Verdict: Weird, baffling, incredibly well-written, let down by the ending.
My rating: 4 out of 5 stars
Genre: Literary Fiction
Published by Grove Press, November 13th 2020
Lucy and Jake live in a house by a field where the sun burns like a ball of fire. Lucy has set her career aside in order to devote her life to the children, to their finely tuned routine, and to the house itself, which comforts her like an old, sly friend. But then a man calls one afternoon with a shattering message: his wife has been having an affair with Lucy’s husband, Jake. The revelation marks a turning point: Lucy and Jake decide to stay together, but make a special arrangement designed to even the score and save their marriage–she will hurt him three times.
As the couple submit to a delicate game of crime and punishment, Lucy herself begins to change, surrendering to a transformation of both mind and body from which there is no return.
Told in dazzling, musical prose, The Harpy is a dark, staggering fairy tale, at once mythical and otherworldly and fiercely contemporary. It is a novel of love, marriage and its failures, of power, control and revenge, of metamorphosis and renewal.
Megan Hunter’s prose is as spell-binding as ever. I really enjoyed her debut but knew even as I read it that it would not stick with me: “But sometimes I like books told in style and glitter and beautiful sentences.” This book is different – the prose is deliberately over the top and overwritten, stunningly so, but still A LOT, whereas The End We Start From was deliberately sparse in a way that I prefered. However, this book has stuck with me and I cannot quite stop thinking about it. It is so very clever but was ultimately, for me at least, let down by its vague ending that did not work as well as the unflinching honesty the rest of the book possessed. I rounded up my rating anyways because of the aforementioned cleverness.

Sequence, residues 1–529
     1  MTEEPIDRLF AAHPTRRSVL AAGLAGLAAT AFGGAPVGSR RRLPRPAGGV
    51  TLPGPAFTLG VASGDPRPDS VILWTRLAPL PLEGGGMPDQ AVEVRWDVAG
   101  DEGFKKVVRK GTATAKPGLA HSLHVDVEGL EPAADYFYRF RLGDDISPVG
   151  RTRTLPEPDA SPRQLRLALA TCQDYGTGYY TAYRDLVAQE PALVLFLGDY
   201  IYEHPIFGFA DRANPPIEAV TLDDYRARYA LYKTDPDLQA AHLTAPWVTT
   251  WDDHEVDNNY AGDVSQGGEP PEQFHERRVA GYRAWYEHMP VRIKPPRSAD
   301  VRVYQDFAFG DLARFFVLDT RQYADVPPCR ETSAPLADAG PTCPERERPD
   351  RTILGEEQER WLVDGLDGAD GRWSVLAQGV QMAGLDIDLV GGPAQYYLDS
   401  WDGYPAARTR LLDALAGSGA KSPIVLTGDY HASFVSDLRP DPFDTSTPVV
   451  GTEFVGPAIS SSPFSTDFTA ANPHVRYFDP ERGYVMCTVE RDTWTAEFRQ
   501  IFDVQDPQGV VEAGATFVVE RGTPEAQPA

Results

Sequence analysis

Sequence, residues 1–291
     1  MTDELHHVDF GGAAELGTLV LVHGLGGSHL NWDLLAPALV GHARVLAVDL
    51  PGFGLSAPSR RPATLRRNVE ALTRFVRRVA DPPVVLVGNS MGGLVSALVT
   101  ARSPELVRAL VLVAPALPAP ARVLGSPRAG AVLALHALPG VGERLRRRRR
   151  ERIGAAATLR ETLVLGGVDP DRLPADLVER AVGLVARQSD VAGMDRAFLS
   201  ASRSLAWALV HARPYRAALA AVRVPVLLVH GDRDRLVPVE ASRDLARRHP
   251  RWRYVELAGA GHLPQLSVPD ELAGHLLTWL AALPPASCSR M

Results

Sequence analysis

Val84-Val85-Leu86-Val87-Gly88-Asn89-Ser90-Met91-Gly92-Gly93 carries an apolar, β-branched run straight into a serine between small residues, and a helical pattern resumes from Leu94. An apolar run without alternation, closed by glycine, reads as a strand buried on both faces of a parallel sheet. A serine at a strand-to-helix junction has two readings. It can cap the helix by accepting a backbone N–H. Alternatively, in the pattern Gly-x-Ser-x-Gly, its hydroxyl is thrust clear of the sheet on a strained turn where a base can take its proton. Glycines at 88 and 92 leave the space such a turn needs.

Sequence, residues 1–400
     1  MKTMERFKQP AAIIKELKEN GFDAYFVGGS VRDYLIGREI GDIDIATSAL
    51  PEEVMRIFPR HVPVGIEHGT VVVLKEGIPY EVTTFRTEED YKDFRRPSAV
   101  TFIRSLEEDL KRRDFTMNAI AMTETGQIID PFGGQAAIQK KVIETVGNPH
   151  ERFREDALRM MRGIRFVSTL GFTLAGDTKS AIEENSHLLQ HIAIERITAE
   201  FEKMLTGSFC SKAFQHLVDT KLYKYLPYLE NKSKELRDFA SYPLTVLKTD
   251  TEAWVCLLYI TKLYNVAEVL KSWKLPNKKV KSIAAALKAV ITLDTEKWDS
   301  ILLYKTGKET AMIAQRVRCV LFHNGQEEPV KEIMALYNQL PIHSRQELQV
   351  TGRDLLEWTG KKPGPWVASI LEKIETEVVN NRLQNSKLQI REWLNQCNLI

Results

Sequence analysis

Told from a close first person narration by Lucy, as former PhD-student of the Classics who now lives her life as a stay-at-home mum of two who occasionally free-lances, this book is a look at motherhood and relationships. The book starts with Lucy finding out that her husband has been cheating on her and them agreeing to her being allowed to hurt him, three times. Interspersed are prose-poem like asides about harpies, the subject of Lucy’s abandoned PhD project. Lucy is, before everything else, resentful; resentful of the way her life has turned out, resentful of her husband, resentful of the other parents at her children’s school, and yes, often resentful of the time her children demand of her. Jake is not a bad man, he is present and an active part in their children’s lives but still – most of the mind-numbingly boring parts of motherhood are managed by Lucy alone – driving the children to school and to their different activities, making sure they have snacks, that they are clothed properly and so on, and Lucy resents that. It feels like she is even a little bit relieved when Jake’s affair comes to light because it gives her anger a focus, a reasonable excuse to give in to the swirling feelings she has. Lucy is difficult to root for because she is so grimly unhappy and humourlessly mean – but she is also stuck in a situation she never wanted to be in and as such I could not help but feel for her. Her husband has the job she was on a trajectory on, being a university lecturer at an unnamed university (it does feel like either Oxford or Cambridge from the way their town is described), her ambition left her but not enough for her to be happy with her life as it is.
Content warning: self-harm, alcohol abuse, cheating, domestic abuse, vomit, suicide
I received an ARC of this book courtesy of NetGalley and the publisher in exchange for an honest review.